Rotary Club of Kirkland Downtown to put on first A capella Concert fundraiser for brain cancer

David Heyting is a regular 36-year-old guy who spends his time with his wife and two boys, ages 6 and 8.

David Heyting is a regular 36-year-old guy who spends his time with his wife and two boys, ages 6 and 8.

He works in Kirkland as a certified public accountant, lives in Snoqualmie, enjoys hiking and helping others through the Rotary Club of Kirkland Downtown.

But just two years ago Heyting’s life changed when he underwent brain surgery to remove a golf-ball-size tumor from his right frontal lobe.

“I think looking back I was having some mood issues but I never ever would have thought I had [a brain tumor] at the time,” Heyting said. “A lot of people get headaches and stuff like that, I had none of that.”

As part of their many charitable endeavors, the Rotary Club of Kirkland Downtown will put on their first A capella Concert to raise money for the Chris Elliott Fund, a local nonprofit dedicated to ending brain cancer. But having supported Heyting in the past at the Seattle Brain Cancer Walk, last year and this past September, members of the rotary felt more could be done and the A capella Concert fundraiser was born.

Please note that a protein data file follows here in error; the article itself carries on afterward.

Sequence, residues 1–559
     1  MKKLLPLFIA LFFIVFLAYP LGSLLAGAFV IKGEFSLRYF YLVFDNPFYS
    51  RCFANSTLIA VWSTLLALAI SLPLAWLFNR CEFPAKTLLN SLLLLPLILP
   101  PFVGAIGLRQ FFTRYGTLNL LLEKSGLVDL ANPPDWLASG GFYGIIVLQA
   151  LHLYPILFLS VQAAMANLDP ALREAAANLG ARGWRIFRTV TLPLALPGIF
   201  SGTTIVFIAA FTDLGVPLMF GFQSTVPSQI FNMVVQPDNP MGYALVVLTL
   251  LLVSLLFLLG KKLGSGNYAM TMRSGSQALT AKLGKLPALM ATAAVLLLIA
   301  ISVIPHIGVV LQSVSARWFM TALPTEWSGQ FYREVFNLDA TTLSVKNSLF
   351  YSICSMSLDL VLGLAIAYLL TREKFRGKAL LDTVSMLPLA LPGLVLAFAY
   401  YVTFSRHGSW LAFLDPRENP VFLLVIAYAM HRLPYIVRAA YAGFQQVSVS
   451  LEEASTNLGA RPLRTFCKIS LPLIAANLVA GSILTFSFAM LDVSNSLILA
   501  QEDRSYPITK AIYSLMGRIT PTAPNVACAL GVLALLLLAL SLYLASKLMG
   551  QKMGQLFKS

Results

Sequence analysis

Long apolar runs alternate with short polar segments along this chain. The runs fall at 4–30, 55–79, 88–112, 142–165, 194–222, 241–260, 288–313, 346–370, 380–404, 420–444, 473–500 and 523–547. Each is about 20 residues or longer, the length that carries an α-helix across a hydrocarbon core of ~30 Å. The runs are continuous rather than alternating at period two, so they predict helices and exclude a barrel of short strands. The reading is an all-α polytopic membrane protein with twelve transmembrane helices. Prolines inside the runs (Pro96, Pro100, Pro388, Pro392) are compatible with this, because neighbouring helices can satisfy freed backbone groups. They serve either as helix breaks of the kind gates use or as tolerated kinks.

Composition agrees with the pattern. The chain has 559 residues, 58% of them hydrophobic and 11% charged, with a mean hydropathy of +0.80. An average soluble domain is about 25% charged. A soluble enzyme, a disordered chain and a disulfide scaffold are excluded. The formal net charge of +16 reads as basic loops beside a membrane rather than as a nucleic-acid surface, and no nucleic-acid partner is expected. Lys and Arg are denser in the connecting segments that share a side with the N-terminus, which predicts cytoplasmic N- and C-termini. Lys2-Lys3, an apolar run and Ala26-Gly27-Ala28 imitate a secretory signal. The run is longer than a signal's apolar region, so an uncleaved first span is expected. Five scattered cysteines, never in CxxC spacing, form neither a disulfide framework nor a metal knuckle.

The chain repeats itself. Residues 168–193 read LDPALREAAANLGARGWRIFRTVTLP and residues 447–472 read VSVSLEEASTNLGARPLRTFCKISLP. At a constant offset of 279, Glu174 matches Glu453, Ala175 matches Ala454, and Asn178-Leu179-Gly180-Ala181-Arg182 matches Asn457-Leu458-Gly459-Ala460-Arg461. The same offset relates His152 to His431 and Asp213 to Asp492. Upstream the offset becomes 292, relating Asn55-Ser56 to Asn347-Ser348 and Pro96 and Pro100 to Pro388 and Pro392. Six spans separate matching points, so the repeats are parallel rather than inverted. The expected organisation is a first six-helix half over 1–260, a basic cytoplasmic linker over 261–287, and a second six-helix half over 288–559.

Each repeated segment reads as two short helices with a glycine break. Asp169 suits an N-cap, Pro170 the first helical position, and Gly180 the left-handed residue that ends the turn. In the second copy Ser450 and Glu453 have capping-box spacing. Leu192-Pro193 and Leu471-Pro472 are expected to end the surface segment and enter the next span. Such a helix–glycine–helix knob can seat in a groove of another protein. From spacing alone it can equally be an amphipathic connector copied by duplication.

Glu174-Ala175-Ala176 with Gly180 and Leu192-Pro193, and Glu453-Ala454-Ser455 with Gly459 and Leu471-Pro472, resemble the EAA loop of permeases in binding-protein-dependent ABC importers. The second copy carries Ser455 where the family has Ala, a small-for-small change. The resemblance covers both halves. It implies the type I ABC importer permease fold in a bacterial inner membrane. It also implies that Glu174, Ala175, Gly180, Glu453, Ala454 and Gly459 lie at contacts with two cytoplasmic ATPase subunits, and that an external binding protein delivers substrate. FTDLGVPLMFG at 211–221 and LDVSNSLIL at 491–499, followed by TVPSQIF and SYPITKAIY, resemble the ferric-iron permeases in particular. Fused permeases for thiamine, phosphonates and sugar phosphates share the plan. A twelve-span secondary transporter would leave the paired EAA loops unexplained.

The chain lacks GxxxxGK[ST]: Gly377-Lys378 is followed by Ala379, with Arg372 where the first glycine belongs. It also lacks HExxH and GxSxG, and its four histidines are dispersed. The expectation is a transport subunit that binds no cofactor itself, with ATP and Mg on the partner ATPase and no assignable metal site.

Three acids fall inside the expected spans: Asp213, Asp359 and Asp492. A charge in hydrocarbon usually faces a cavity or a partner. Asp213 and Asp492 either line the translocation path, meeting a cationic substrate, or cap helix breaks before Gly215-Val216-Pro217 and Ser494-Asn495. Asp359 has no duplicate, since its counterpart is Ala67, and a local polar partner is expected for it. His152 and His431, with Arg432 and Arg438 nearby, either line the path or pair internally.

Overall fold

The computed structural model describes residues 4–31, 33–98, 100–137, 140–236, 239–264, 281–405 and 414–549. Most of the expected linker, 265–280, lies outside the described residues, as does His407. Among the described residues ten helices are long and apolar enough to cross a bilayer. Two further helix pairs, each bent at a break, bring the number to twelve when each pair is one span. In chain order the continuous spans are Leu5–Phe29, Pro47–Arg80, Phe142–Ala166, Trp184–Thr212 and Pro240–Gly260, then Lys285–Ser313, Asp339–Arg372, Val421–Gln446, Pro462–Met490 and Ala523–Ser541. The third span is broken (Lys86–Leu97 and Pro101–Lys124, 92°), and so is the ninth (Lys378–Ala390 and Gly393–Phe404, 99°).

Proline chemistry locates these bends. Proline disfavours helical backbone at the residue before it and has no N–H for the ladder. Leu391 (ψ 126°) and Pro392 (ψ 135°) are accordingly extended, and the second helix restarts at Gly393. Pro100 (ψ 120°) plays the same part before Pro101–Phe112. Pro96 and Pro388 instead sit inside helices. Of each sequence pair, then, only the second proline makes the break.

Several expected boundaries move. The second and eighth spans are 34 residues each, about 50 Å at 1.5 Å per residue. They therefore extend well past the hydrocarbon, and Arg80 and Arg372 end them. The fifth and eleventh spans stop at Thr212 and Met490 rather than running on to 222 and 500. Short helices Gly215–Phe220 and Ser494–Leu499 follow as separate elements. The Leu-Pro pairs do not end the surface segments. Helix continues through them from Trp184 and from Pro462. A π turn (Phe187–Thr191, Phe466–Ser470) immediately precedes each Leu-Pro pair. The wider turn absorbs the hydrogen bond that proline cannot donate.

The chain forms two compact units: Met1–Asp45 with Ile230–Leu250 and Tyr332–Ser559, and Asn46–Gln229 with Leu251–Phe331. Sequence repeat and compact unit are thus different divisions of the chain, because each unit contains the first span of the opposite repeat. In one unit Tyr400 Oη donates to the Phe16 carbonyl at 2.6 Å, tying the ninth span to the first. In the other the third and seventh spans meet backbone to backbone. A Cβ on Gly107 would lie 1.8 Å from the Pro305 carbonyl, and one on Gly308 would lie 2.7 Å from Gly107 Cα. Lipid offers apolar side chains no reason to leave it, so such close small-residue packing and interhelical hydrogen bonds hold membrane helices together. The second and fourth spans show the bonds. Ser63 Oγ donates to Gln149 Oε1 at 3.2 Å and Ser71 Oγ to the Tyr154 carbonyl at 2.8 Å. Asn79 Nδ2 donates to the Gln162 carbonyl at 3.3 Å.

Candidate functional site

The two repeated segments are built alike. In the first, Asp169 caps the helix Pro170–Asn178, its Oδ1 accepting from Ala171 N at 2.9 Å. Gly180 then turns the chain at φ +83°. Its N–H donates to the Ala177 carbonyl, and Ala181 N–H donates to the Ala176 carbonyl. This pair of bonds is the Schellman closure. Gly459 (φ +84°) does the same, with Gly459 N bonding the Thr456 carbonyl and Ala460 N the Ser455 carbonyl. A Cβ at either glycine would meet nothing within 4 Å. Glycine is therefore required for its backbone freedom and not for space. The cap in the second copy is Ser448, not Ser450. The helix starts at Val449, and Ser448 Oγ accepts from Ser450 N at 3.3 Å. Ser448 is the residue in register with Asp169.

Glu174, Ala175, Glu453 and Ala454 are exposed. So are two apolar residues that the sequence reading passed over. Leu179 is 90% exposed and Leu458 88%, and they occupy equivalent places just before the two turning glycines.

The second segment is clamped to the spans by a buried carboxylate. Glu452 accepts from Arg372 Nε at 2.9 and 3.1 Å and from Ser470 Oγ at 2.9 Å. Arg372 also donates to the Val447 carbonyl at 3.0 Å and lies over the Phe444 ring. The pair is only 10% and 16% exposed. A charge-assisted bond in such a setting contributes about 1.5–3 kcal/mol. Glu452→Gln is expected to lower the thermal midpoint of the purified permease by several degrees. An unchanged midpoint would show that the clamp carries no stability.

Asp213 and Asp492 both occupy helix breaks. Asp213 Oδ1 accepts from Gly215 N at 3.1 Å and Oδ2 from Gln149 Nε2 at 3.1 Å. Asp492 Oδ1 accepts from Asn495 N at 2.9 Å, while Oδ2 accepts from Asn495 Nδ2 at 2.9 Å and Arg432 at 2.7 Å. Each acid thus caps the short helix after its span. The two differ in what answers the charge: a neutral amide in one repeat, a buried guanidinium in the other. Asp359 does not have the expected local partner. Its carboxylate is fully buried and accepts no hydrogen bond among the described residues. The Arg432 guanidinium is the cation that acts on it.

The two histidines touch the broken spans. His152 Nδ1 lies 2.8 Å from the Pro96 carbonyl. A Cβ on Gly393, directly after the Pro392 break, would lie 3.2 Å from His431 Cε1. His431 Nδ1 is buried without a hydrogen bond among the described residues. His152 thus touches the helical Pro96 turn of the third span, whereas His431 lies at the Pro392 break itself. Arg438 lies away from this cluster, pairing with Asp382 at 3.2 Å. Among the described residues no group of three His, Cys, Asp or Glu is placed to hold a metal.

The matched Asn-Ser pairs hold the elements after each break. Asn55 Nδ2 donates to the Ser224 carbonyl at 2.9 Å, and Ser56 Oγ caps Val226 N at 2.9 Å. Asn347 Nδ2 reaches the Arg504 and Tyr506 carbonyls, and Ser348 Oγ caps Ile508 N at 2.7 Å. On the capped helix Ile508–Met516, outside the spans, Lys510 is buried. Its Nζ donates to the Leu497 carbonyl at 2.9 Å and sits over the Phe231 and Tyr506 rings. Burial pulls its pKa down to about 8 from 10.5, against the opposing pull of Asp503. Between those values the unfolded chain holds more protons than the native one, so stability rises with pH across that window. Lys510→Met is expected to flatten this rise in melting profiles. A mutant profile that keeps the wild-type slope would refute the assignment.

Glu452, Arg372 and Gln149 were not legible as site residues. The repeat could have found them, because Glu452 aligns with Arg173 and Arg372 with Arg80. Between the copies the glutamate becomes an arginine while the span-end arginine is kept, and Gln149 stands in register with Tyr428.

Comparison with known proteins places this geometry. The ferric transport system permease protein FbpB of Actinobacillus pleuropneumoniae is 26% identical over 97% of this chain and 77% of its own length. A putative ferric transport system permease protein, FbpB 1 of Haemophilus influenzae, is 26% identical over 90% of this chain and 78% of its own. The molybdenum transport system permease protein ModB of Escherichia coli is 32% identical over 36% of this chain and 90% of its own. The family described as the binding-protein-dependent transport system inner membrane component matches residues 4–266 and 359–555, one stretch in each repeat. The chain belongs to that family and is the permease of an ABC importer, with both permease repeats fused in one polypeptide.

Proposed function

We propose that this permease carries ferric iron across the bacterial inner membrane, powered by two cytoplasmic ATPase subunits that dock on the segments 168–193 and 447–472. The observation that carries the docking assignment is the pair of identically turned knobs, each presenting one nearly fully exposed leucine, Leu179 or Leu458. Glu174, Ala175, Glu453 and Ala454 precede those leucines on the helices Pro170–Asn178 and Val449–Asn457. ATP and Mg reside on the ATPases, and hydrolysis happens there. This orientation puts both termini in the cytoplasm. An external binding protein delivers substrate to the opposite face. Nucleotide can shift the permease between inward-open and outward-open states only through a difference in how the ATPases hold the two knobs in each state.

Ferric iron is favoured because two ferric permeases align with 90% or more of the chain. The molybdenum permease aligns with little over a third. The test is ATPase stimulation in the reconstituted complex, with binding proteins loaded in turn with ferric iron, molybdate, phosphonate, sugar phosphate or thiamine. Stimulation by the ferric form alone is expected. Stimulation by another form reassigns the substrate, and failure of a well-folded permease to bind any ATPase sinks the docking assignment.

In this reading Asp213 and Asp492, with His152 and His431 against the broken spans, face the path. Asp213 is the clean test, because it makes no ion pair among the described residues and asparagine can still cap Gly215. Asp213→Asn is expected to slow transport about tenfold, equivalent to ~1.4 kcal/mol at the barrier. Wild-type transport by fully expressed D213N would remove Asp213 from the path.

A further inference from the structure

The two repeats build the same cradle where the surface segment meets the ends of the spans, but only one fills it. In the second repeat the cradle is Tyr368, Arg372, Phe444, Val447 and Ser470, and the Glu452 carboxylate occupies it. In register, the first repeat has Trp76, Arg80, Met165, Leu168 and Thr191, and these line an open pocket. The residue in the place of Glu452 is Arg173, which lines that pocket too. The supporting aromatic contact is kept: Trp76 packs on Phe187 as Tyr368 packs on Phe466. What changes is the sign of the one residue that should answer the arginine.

“[The] rotary’s motto is ‘service above self’ and with David right in our own club and being part of the family, it seemed right to support him and his family in his treatment and the Chris Elliott Fund seemed the perfect avenue to do that,” said Vince Armfield, the event co-organizer and Rotary Club of Kirkland Downtown member, who worked with Steve Eggerman to come up with the idea in March.

Armfield said the rotary’s goal is to raise $6,000 through ticket sales.

Heyting plans to say a few words before a capella groups Divisi and On The Rocks from the University of Oregon and Furmata and SeaNote from the University of Washington take the reins.

Although Heyting will be the first to say his goal is to maintain regular daily life, the advocacy he’s done wouldn’t have happened if he hadn’t had a life-changing experience one November day.

In November 2011, at a Starbucks in Seattle’s University Village, Heyting had his first grand mal seizure. Thankfully, he said, he was rushed to the University of Washington Medical Center, which was about a mile away.

After an MRI scan, doctors told Heyting he had a Oligodendroglioma tumor, which his family later named Goliath from “David and Goliath.” And his sister created to raise funds for awareness and brain cancer research.

“Once I started having seizures, it was a question of whether it was safe to be home with just my boys,” Heyting said. “And so, I took my older son and wrote out all of my doctor’s information and put a spot on the fridge and we had to go through calling 911. [I said,] ‘if dad’s home and he has a seizure, here’s what you have to do,’ which was honestly one of the hardest things I’ve had to do.”

Heyting was put on anti-seizure medication and suffered one more seizure before he was scheduled to have brain surgery just two weeks after his first seizure.